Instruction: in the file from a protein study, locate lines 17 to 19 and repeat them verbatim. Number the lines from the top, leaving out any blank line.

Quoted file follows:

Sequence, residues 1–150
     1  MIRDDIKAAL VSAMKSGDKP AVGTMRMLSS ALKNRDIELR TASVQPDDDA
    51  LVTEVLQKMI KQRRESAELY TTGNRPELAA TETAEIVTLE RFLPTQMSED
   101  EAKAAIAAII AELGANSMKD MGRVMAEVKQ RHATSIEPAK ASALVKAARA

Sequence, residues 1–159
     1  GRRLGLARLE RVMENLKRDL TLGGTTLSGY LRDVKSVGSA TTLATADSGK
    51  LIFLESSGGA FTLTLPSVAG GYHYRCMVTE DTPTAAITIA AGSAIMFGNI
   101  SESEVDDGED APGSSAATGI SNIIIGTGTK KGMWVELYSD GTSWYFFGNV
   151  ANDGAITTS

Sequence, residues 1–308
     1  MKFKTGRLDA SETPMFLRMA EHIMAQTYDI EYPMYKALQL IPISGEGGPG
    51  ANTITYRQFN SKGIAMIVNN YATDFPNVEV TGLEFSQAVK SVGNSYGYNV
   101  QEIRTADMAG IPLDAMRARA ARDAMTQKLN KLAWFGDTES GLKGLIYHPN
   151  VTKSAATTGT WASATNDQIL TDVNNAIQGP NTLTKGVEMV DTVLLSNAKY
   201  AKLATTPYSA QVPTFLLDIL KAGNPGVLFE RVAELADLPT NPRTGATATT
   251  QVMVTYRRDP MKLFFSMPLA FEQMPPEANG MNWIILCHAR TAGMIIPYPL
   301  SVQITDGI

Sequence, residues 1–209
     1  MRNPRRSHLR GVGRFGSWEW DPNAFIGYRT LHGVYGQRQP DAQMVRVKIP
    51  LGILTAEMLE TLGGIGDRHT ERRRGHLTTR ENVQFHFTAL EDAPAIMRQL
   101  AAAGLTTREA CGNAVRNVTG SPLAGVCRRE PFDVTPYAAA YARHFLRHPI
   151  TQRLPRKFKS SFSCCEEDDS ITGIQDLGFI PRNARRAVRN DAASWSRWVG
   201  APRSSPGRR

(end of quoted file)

   301  SVQITDGI

Sequence, residues 1–209
     1  MRNPRRSHLR GVGRFGSWEW DPNAFIGYRT LHGVYGQRQP DAQMVRVKIP